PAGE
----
Rural definitions can result in different outcomes from those intended when target areas and populations have not have been carefully specified in a manner that development deficits of the areas are fully delineated and captured. Consequences of narrow exclusionary conceptualisations of the parameters of urban and rural areas are that policies become contradictory rather than complementary, and that strategies and initiatives fail to maximize on development opportunities because they do not take account of fundamental socio-economic realities. A re-orientation of policies around an understanding of socio-economic trends, and around commonly accepted developmental approaches and concepts will provide the basis for overcoming contradictions and achieving complementarity. Such complementarity is fundamental to the formulation of a focused rural development strategy, which makes the most of the region’s potential to create income-generating and employment opportunities, and which takes account of what people need and want.

Poverty rates are positively associated with greater rural distances from successively larger metropolitan areas. As distance from the nearest town increases, poverty for those villages also increases as compared to villages which lie in closer proximity to a town. Distance can affect poverty through influencing both rural labour demand and supply. More remote rural communities have more inelastic labour supply, which causes them to have higher poverty when labour demand is weaker, but allows them to capture more poverty-reducing benefits ifthey were to have stronger local job growth. Further, distance and travel time to roads are not highly correlated with welfare, while distance and travel time to urban centres are highly correlated with wealth indices: welfare decreases rapidly as access to urban centres gets worse. Thus, understanding the spatial dimension of socio-economic processes in rural areas is important.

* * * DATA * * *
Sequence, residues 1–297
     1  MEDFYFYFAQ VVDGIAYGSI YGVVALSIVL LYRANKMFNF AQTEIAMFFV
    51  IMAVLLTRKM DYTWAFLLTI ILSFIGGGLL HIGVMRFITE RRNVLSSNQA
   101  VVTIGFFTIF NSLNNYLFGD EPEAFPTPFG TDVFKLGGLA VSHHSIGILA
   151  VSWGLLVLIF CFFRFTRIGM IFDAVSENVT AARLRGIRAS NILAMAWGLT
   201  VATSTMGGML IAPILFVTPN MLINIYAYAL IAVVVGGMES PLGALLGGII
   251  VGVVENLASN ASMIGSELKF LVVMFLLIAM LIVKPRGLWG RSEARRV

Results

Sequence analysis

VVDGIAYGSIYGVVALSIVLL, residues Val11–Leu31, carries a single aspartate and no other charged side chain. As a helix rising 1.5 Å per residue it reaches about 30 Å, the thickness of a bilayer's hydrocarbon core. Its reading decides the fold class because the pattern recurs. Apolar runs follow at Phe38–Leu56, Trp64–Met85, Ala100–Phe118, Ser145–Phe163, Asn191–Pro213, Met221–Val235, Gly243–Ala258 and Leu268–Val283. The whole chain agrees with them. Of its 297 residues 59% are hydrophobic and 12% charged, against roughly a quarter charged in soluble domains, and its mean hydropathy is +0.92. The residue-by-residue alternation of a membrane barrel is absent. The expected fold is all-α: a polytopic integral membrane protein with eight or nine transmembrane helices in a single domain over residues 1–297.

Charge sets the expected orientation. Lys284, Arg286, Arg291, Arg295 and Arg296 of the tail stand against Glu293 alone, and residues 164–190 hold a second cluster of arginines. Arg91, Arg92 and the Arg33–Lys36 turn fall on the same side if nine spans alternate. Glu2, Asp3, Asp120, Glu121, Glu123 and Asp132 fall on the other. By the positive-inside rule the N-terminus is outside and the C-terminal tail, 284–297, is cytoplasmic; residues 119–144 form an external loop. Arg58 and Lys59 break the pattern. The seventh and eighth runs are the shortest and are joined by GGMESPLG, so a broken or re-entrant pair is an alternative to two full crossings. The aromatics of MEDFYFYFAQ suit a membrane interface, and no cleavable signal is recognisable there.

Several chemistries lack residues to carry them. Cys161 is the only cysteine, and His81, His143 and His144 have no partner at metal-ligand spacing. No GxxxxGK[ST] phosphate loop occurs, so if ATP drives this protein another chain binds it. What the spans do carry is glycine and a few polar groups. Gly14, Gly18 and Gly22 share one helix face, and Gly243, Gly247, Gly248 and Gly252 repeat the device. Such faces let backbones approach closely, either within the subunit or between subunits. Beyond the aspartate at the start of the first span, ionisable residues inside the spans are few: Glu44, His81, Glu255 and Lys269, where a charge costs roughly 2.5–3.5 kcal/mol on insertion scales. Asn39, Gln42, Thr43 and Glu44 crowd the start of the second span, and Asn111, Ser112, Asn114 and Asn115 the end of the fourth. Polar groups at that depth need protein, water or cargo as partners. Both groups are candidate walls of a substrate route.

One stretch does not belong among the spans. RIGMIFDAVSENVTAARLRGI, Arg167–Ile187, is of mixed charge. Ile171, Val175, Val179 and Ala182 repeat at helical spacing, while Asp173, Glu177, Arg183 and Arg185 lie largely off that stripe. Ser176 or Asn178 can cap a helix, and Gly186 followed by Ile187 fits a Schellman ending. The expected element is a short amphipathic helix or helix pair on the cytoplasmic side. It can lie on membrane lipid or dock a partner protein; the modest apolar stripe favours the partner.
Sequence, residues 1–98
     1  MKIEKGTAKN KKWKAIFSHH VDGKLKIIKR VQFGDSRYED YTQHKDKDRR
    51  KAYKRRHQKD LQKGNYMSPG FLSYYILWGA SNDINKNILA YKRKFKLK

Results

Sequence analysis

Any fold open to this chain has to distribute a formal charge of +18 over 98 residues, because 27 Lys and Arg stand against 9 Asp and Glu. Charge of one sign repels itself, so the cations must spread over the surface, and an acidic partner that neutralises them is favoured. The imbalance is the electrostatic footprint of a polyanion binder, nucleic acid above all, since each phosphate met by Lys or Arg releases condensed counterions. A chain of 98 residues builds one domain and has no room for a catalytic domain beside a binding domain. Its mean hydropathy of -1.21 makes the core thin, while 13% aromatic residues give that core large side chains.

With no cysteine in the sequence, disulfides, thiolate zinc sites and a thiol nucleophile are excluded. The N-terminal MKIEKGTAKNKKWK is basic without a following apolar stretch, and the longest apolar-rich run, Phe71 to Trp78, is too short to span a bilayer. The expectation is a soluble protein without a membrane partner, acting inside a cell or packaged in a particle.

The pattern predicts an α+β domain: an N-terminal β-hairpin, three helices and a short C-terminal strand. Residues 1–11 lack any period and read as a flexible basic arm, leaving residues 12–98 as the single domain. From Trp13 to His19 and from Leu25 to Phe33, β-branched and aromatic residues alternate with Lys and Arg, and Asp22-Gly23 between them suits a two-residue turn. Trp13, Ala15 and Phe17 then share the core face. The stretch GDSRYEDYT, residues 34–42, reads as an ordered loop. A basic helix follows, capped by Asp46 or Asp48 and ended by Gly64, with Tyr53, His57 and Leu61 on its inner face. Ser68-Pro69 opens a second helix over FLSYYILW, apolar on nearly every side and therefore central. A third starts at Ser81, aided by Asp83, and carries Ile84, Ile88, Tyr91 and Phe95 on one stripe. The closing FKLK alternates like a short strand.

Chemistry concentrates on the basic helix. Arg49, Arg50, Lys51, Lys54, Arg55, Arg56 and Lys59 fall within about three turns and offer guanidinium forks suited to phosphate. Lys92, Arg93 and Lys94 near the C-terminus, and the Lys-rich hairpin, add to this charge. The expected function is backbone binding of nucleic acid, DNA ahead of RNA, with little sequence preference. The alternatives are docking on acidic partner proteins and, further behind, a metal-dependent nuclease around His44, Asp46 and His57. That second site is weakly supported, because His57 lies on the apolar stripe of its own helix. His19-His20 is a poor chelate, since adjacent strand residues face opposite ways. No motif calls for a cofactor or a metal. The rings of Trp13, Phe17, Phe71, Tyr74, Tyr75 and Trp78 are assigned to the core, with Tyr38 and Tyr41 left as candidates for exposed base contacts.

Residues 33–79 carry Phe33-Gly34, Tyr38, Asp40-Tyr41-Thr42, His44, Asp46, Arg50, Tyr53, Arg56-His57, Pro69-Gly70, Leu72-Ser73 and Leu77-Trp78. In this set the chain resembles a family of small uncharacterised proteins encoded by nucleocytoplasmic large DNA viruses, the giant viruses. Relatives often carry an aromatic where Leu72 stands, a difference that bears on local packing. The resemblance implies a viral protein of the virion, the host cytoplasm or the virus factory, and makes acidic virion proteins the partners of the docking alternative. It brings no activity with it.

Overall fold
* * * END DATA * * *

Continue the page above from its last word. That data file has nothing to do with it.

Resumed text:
If we understand the term ‘rural development’ literally, it only has a neutral meaning of “development” in a geographically specific “rural” area. Rural development is a non-linear and highly contextual process; so traditional and horizontal approaches fail to give answer to territory-specific questions. It is therefore imperative to revisit the conceptual understanding of “rurality” and “rural development” and the different approaches in describing these. It is necessary to transcend these differences to see on what basis an agreement on rural, and then development, could be applied at both ends of the spectrum.

Policy formulation for rural poverty elimination would become more effective if we adopt a broader definition of rural area by including census data as well as status of physical, economic and social infrastructures that are necessary for poverty reduction. There is perhaps an urgent need to revisit the static concept of rurality and develop a dynamic definition of rural area which should be reviewed before the each new five year plan. The policy makers should identify the demographic and economic changes which affect the character of rural area. Rural development should focus on people-based policies, relying on spatial equilibrium processes. The realities of spatially concentrated poverty and lagging regions should get captured in place-based and place-targeted interventions for bringing about rapid socio-economic transformations. Rural poverty elimination policy should be focused on maximizing economic opportunities through recognizing and understanding socio-economic realities, and using these as the building blocks for policy interventions, and effective action, rather than regarding them as stumbling blocks.